Geophysical publication has been a major success story of the RAS, starting with a Geophysical Supplement to MN which was published from 1922 to 1957, becoming the fully fledged Geophysical Journal in 1958. This has subsequently merged with two European journals to become Geophysical Journal International.
The Quarterly Journal was started in 1960 and was published until 1996, providing a home for more general articles, speculative researches, obituaries and historical articles; this was replaced by the new title, Astronomy & Geophysics, in 1997, providing a full-colour 'glossy', but still refereed, journal of news and reviews to the Fellowship.
In 1970 the Society's 150th anniversary was marked with the issue of a commemorative postage stamp.
Amateurs and professionals
When the Society was started there were very few professional astronomers, but by the end of the 19th century there were many more. To cater for the growing enthusiasm for amateur astronomy the British Astronomical Association was started in 1890 and now has only a slightly smaller membership than the RAS. Entering the 21st century the Society continues to carry out its three main functions of maintaining a Library, organizing scientific meetings, and publishing journals, but now performs many other functions in pursuit of its goals of the encouragement and promotion of astronomy and geophysics.
P. D. Hingley
- The Society's history is recorded in detail in two volumes, available for purchase from Burlington House in hardback and in paperback. Volume 1 covers 1820 to 1920, and volume 2 1920 to 1980.
- The Royal Charter is available online.
- A list of past Presidents is here.
- An index of obituaries of RAS Fellows and Associates published in the Society's journals is available online.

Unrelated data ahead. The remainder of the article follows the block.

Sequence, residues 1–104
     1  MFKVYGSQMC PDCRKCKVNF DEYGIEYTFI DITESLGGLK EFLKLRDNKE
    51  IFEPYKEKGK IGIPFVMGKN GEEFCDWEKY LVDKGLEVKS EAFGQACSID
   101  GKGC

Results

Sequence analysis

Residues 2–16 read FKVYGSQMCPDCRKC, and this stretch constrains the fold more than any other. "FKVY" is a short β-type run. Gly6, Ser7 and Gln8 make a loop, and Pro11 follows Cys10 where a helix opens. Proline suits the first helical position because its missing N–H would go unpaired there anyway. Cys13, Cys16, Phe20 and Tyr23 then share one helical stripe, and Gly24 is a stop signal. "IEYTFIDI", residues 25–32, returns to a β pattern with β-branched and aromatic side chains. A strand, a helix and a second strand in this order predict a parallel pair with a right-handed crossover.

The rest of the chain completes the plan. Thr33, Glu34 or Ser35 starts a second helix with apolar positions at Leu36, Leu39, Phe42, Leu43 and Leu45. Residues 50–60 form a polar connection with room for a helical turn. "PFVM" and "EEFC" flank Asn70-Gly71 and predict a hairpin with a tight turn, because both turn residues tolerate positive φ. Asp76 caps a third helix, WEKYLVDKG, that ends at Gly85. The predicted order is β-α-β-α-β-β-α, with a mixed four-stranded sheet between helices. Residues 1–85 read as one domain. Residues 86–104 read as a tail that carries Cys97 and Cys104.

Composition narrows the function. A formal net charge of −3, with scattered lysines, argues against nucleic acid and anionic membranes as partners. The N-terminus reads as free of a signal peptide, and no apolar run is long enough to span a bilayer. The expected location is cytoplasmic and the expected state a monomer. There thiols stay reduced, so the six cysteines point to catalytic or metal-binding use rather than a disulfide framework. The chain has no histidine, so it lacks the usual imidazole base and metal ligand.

- Further historical information on Burlington House is provided by the Royal Society, who are previous occupants, and the Royal Academy, who now occupy the north wing of the courtyard. In addition there is an entry on Wikipedia at http://en.wikipedia.org/wiki/Burlington_House.
RAS Dining Club
Several early scientific societies in Britain had their origins as a dining club, when travel was more difficult than now and an overnight stay was convenient after a meeting at which its members would discuss the latest scientific results. The Royal Astronomical Society conceived on 12 January 1820 by 14 astronomers at such a dinner at the Freemason's Tavern, in Lincoln's Inn Fields, London, first met for its scientific business two months later on 10 March 1820. Since then, the RAS Club has continued solely as a social club which meets for dinner following the organised scientific meetings.
Since their beginnings the Dining Club and the Society have enjoyed completely separate financial and organisational existences, though Fellowship of the latter is a condition for membership of the former. Also, at the friendly offer of the Club, the Society invites those guest speakers and medallists whom it hosts in London at the scientific meetings to dine with the Club if they wish (or offers expenses to dine in a restaurant if not). The Club has a membership of about 60, most of whom dine regularly, plus about 30 'Honorary Members' who, for one reason or another, are unable to do so. Members may also (normally) invite one guest. Members of Council may also dine, ex-officio, at any time at their own expense. Up to four new members are elected each year. For further information about the Dining Club please contacat email@example.com Margaret Penston.